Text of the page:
Shock report: poor diet deadlier than smoking

Chocoholics: More than one Easter egg per person (80 million) will be sold in the UK this year

For many, the Easter holidays will be crowned by a feast: chocolate eggs and an epic roast. But a major new study says bad eating, high in fat and sugar, now kills more people than smoking.

Sugar-loaded chocolate Easter eggs; buttery hot cross buns; a juicy roast lamb. Easter is almost here and, for many people, it’s another holiday all about food.

But should we really be indulging so much? This week, The Lancet published one of the largest ever studies of the food that people eat around the world. It found that poor diet is a bigger killer than smoking, shortening the lives of 11 million people a year. That’s one in five adult deaths.

Around 10 million of those deaths were due to heart problems. The researchers blamed this on too much salt (which raises blood pressure and increases the risk of heart attacks) and not enough fruit, vegetables and whole grains (which lower the risk of heart problems).

The other deaths were caused by type 2 diabetes, brought on by too much sugar, and cancers which have been linked to diet.

The research found that the biggest problem is not eating too much junk food. Instead, it is about the healthy foods that people are not eating. It argued that health campaigns should shift focus away from nutrients like fat or sugar, and promote specific kinds of foods instead.

“The really big story for people to act on is increase your whole grains, fruit, nuts, seeds and vegetable intake and reduce salt if you can,” Dr Christopher Murray, one of the study’s authors, told the BBC.

While no country has a perfect diet, some are clearly eating better than others. Mediterranean countries, like Spain, Israel and France, have some of the lowest diet-related deaths in the world. They are known for eating lots of fruits, vegetables and healthy fats like olive oil. China meanwhile — which is known for salty foods like soy sauce — has some of the highest numbers of diet-related deaths each year.

The recommendations are similar to those made in the “planetary health diet” which was developed by scientists earlier this year. This promised to feed 10 billion people, without causing too much damage to the environment.

Food for thought

So, how much should we worry about the food we eat? The study confirms what scientists have suspected for a while: that regardless of weight, our diet has a major impact on our health. According to Murray, we must all ask ourselves the question: “Am I going to die in my 50s from a heart attack? Or am I going to have some of the diet-related cancers in my 40s?”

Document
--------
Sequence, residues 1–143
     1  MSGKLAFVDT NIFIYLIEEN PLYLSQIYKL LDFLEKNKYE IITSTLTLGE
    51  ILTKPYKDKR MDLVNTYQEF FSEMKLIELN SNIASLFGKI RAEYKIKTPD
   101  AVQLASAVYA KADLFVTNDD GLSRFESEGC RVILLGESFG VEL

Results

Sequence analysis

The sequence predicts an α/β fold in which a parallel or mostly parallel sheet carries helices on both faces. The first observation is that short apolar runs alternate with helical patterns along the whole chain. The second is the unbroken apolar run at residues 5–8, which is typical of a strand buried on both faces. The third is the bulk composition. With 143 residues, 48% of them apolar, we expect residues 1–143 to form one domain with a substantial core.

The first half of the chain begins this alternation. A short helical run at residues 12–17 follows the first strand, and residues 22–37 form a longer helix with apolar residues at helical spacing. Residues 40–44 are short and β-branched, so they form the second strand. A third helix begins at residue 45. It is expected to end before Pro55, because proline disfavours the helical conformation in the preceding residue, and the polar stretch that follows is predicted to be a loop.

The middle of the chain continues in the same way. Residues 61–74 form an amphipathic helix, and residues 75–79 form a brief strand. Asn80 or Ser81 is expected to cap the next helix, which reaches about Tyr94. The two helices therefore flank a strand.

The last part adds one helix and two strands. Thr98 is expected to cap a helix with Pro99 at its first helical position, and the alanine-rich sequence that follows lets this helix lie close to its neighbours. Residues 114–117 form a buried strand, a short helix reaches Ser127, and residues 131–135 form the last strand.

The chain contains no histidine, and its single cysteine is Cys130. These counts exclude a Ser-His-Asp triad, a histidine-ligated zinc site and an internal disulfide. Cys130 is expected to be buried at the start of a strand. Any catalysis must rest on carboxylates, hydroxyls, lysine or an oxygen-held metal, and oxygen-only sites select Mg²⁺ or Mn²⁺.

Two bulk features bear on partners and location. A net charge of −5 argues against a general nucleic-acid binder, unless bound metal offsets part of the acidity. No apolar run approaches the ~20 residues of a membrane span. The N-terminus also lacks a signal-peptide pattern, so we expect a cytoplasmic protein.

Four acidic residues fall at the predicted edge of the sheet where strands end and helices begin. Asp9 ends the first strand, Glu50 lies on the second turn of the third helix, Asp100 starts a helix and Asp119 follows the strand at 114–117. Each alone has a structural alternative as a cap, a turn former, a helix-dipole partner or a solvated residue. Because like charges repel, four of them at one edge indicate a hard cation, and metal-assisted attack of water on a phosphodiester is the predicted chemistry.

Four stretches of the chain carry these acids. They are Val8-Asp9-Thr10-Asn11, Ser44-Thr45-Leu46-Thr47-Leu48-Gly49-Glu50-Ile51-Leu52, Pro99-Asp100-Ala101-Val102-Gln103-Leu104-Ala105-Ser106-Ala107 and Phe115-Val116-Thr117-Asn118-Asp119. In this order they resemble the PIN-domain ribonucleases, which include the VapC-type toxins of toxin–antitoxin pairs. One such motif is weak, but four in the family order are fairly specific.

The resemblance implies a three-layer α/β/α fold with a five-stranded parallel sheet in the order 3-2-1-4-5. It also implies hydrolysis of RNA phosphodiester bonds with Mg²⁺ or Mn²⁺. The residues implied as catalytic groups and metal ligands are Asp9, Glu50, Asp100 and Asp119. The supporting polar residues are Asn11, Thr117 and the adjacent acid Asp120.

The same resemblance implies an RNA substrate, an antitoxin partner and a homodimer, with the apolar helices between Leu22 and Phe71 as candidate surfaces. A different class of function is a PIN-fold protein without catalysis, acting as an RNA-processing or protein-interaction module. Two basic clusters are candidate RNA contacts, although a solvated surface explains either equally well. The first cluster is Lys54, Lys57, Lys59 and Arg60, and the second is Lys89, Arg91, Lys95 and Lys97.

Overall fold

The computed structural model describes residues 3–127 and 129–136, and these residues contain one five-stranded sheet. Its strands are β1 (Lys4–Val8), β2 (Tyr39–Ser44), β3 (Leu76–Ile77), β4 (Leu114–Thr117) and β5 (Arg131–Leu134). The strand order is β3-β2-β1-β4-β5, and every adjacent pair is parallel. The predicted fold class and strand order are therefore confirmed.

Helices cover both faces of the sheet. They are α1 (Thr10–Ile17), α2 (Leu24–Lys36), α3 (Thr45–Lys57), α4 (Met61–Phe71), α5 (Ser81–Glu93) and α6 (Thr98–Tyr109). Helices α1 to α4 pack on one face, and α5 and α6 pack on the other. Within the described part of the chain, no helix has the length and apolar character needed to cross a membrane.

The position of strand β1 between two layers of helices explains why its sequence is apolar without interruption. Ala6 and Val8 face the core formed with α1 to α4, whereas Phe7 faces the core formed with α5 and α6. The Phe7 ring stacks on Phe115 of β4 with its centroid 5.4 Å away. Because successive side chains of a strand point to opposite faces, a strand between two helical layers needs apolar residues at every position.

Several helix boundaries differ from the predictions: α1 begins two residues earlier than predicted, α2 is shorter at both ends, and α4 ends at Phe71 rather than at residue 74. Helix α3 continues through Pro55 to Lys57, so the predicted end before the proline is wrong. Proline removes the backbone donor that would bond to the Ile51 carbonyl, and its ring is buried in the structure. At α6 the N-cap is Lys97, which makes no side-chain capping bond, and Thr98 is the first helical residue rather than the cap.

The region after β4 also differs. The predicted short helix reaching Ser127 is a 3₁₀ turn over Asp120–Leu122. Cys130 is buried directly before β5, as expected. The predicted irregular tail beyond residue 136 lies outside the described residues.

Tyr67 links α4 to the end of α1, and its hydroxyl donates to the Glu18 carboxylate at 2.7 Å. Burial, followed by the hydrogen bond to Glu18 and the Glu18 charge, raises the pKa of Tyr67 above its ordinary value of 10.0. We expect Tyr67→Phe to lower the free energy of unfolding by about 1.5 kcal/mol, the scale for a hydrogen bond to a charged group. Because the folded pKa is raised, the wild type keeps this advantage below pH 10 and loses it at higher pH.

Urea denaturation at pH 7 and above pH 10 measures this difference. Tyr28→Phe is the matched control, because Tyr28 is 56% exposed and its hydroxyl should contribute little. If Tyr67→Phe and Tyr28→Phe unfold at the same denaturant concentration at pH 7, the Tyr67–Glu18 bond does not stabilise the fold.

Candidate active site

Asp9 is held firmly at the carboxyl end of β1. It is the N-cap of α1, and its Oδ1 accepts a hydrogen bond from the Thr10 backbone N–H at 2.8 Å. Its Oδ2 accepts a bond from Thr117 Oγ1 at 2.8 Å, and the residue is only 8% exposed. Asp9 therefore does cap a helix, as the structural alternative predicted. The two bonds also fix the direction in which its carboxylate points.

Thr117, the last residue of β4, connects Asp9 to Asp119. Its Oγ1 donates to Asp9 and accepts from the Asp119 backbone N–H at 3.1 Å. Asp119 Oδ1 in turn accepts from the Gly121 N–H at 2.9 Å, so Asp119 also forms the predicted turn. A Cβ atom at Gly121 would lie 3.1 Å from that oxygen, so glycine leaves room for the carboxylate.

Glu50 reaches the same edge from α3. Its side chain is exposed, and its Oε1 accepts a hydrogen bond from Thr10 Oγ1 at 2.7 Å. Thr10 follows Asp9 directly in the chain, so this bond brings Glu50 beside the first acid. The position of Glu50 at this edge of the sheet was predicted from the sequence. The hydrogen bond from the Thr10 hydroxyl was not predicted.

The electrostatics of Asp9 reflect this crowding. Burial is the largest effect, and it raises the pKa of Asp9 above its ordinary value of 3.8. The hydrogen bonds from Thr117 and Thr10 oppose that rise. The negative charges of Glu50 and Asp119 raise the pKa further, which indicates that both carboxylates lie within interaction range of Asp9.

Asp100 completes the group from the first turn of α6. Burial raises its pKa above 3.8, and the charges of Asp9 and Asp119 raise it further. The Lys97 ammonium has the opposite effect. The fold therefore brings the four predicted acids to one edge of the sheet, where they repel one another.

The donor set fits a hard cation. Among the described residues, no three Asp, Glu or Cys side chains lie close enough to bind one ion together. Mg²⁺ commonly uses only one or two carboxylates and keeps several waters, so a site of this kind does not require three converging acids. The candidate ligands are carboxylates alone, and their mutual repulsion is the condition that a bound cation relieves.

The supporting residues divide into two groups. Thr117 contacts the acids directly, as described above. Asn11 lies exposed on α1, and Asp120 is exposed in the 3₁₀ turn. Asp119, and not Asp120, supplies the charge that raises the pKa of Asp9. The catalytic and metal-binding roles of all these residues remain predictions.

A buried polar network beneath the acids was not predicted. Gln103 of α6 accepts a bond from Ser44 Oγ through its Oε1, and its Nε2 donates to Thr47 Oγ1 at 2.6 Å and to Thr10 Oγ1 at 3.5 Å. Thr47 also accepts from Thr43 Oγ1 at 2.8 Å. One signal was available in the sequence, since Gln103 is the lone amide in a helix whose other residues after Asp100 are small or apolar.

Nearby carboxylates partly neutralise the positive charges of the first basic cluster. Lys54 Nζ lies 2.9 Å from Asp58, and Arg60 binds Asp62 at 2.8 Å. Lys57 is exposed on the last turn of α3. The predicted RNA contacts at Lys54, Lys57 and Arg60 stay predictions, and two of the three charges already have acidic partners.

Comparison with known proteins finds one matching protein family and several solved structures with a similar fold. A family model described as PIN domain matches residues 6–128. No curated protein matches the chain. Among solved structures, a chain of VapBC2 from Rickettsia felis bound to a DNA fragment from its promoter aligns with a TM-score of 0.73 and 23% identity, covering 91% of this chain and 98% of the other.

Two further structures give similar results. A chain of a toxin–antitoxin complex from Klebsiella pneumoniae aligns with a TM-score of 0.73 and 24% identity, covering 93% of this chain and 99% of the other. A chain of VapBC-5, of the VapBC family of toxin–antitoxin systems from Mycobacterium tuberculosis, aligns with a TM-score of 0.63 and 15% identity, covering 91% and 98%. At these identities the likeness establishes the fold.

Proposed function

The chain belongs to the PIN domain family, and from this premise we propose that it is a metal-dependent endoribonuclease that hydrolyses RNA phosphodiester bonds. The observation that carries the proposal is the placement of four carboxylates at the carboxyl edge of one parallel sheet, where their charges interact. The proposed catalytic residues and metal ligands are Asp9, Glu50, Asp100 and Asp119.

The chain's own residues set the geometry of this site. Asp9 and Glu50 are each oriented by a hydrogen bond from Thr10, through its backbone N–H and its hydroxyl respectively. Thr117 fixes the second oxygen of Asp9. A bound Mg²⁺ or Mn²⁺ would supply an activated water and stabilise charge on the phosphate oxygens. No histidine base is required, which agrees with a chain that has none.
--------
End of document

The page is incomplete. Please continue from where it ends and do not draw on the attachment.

Then again, you can worry too much about food. Obsessively counting calories or worrying about every bite of chocolate can not only make you miserable — it can increase stress, which leads to its own health problems. Perhaps we should all learn to enjoy healthy food instead. After all, Mediterranean diets are not just healthy, they are famously delicious.

You Decide

  1. When choosing what to eat, do you care how healthy the options are?
  2. Should governments campaign against junk food, as they do against smoking?

Activities

  1. Make a poster giving advice on a healthy diet for young people. Take on board the research discussed in this article.
  2. Write your own food diary over the Easter holidays.

Some People Say...

“One cannot think well, love well, sleep well, if one has not dined well.”

Virginia Woolf

What do you think?

Q & A

What do we know?
The scientists looked at the global intake of 15 different nutrients — some healthy, others not. Globally, it found that people eat just 12% of the recommended amount of nuts and seeds per day (3g instead of 25g); 23% of recommended whole grain foods (29g instead of 126g); and 186% of recommended salt (6g instead of 3.2g).
What do we not know?
How to improve global diets. After all, food is cultural — traditional Asian sauces are very high in salt. Meanwhile, Mediterranean countries eat a lot of oily fish because they are, by their very nature, close to the sea. However, as one expert told CNN, “Anyone who studies the history of food will tell you cultural preferences change over time.” Will countries get healthier in the next 100 years? Or less healthy?

Word Watch

Studies
The Global Burden of Disease Study was conducted by the Institute of Health Metrics and Evaluation (IHME) in Seattle. It was published in The Lancet this week. IHME says it is the most comprehensive look at the impact of diets on health ever conducted. It used data from 195 countries.
Smoking
This causes around eight million early deaths a year.
Blood pressure
Too much salt increases the amount of sodium in your blood. This raises blood pressure, putting strain on your heart and arteries. This, in turn, raises the risk of heart problems like strokes or heart attacks.
Type 2 diabetes
A medical condition in which blood sugar levels become too high. Diabetes also increases your risk of heart problems. While type 1 diabetes is often a lifelong condition diagnosed in childhood, type 2 diabetes generally develops later in life.
Planetary health diet
This was developed by 37 scientists and introduced in The Lancet earlier this year. For more, read the first related article below.

Subjects

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